Friday 20 July 2018

Will property gift to daughter be taxed?

 

Assuming your daughter has not received any other gifts from you or her mother since December 5, 1991, the full parent-to-child gift tax-free threshold will be available for her. (stock image)
Assuming your daughter has not received any other gifts from you or her mother since December 5, 1991, the full parent-to-child gift tax-free threshold will be available for her. (stock image)

Cathal Maxwell, Founder of Paylesstax.ie

QIn 1998, I bought a rental property for IR£120,000. It is now valued at €400,000. I now wish to sell this house to my daughter for €150,000 as her family home, therefore gifting her €250,000 in equity. What are the tax liabilities for both of us? Kevin, Drumcondra, Dublin 3

We have to deal with two different taxes here. Capital Gains Tax (CGT) for you - and gift tax for your daughter. First, I will deal with the CGT position for you as parent.

The gift to your daughter is considered a sale at market value, so assuming that the €400,000 is fair market value you have a gain of €215,350. This gain is calculated as follows: The deemed sale price of €400,000 minus inflation relief of €184,650 to allow for inflation. (Inflation relief is available as the property was purchased in 1998. If the property was bought before April 6, 1998, the inflation relief would be slightly higher.)

This leaves you with a gain of €215,350 from which you can deduct your personal CGT exemption of €1,270. Your taxable gain is therefore reduced to €214,080 and as CGT at a rate of 33pc is due on that gain, your CGT bill comes to €70,646.

Bear in mind that if the property is in joint names with your partner, two personal CGT exemptions can be claimed - which would reduce your taxable gain by a further €1,270.

Furthermore, if you have unused capital losses from earlier years - or have an asset which would incur a loss on a sale and which you could sell now, such losses can be used to reduce the taxable gain.

You can deduct legal fees and any other costs you incur for the transfer of the property to your daughter - which will reduce your taxable gain. Your daughter will incur 1pc stamp duty and her own legal fees - but these are her costs and you cannot claim them as a deduction.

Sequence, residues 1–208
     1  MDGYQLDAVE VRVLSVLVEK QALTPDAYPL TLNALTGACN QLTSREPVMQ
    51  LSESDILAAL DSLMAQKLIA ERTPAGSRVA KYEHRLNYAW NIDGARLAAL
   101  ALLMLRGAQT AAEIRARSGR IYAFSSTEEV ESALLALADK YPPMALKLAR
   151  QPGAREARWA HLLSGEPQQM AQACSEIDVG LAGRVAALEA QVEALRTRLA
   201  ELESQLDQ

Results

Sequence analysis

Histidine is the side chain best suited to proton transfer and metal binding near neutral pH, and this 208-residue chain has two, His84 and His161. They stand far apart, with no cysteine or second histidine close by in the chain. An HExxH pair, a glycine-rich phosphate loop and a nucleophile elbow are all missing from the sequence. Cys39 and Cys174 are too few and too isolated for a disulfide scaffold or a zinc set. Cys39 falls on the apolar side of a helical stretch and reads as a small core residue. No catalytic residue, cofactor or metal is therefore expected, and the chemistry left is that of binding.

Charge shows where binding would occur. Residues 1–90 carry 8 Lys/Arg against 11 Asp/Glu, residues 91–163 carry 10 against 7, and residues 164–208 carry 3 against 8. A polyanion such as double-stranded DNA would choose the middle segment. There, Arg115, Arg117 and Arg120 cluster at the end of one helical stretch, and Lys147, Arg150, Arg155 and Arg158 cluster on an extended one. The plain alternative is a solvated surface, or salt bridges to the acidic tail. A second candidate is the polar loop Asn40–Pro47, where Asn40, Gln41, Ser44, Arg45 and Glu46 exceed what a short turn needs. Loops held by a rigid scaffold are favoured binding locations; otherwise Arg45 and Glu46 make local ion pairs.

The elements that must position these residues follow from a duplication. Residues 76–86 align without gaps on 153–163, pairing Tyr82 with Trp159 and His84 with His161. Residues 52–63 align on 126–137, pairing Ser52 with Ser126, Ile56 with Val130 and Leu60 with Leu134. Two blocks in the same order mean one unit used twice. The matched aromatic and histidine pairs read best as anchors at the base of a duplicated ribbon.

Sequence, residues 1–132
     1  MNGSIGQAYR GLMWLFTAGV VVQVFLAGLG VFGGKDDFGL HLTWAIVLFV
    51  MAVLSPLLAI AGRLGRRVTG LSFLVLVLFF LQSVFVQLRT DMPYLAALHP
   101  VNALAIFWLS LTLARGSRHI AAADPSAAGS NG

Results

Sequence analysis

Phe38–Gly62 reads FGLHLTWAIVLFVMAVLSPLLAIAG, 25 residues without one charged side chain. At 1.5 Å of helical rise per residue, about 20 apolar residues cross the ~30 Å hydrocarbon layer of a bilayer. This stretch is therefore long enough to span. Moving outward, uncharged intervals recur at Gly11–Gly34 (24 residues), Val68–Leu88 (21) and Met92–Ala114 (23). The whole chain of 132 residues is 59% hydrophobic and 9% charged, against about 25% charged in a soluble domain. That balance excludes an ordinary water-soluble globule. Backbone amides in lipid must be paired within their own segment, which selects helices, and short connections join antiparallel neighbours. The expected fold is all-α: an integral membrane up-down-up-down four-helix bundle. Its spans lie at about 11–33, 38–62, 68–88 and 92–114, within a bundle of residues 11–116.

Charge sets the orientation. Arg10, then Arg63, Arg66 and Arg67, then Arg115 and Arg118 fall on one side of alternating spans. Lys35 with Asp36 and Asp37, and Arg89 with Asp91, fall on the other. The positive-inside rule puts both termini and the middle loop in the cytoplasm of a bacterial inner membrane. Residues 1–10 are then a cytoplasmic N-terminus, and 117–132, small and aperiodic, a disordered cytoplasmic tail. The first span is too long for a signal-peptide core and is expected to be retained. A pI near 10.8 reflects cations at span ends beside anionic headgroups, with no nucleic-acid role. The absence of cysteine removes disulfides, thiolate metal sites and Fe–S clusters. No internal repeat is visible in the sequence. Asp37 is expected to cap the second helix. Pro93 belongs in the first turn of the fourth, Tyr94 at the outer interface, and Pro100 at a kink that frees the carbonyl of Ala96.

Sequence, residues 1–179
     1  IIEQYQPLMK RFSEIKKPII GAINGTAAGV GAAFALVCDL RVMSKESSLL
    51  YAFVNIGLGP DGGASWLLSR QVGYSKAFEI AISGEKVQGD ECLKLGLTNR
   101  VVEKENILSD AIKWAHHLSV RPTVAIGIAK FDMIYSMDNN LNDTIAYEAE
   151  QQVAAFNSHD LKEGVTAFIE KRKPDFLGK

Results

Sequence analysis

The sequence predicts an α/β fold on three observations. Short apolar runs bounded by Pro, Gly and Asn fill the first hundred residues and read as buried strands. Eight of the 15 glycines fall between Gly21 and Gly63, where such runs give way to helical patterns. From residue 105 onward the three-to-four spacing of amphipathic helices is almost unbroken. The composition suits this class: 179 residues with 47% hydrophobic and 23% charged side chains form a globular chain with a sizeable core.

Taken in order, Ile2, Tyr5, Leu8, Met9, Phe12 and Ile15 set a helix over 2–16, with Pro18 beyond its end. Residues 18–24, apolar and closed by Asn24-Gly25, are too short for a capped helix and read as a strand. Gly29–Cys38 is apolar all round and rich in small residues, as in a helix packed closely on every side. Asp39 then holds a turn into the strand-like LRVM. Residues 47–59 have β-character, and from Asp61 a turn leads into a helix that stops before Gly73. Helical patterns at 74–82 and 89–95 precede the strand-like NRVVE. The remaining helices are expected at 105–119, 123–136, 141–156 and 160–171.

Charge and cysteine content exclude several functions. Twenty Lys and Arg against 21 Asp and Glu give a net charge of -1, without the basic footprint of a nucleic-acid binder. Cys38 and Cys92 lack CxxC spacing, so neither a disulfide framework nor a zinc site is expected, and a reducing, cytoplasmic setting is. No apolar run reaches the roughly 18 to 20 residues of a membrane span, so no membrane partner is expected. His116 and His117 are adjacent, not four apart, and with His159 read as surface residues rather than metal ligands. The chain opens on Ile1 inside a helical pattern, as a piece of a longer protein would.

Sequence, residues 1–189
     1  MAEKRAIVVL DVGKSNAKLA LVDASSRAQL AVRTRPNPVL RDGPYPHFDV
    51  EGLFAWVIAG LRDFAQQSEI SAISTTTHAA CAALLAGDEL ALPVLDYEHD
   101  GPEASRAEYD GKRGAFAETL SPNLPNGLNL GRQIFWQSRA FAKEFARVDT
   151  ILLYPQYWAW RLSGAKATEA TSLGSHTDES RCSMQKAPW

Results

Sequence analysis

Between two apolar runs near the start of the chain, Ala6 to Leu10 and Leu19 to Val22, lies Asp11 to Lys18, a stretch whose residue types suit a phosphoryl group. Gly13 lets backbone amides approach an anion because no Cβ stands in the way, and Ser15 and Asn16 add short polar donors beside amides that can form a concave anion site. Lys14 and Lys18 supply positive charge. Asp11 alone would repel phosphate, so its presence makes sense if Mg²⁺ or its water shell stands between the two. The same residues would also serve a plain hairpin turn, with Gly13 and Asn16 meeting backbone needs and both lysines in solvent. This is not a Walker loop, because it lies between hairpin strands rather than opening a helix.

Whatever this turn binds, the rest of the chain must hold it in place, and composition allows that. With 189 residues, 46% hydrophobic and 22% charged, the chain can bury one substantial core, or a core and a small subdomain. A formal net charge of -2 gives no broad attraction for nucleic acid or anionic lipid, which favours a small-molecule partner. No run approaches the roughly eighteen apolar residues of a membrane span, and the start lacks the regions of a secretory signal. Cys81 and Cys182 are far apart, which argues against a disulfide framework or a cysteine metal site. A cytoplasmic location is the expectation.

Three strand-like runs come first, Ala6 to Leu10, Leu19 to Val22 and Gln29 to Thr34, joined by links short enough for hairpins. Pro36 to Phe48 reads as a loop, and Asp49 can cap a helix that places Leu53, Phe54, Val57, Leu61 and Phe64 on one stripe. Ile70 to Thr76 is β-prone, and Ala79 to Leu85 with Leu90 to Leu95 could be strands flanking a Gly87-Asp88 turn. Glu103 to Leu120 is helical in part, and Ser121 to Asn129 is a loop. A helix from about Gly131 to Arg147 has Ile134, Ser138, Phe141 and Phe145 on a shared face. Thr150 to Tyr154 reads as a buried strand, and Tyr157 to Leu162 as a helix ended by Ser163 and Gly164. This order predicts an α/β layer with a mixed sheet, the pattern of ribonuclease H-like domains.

The position for your daughter under gift tax rules is very straightforward. She is considered to get a gift of the difference between what she pays you for the property - and the market value of the property. As the market value of the property is €400,000 and your daughter is paying you €150,000, €250,000 is the value of the gift she has received.

As your daughter is entitled to an annual small gift allowance of €3,000 from each of her parents (assuming the rental property is owned jointly by you and your partner), this exemption reduces the value of the gift to €244,000. Assuming your daughter has not received any other gifts from you or her mother since December 5, 1991, the full parent-to-child gift tax-free threshold will be available for her. This is currently set at €310,000 so is well over the deemed gift of €244,000.

If your daughter did not pay you anything for the property, she would still have no gift tax to pay as you can offset the CGT you pay against the gift tax that your daughter would owe. So unless you specifically need the €150,000, you might like to consider this but you should obtain expert tax and financial advice before doing so.

I will now outline the tax position if your daughter did not pay you anything for the property. The deemed gift would be €400,000. Once you deduct €6,000 from this for the small gift exemption (assuming the property is owned jointly by you and your wife and therefore your daughter is entitled to a €3,000 tax-free gift from each parent), and the €310,000 tax-free threshold for gifts, the value of the taxable gift received by your daughter would come to €84,000.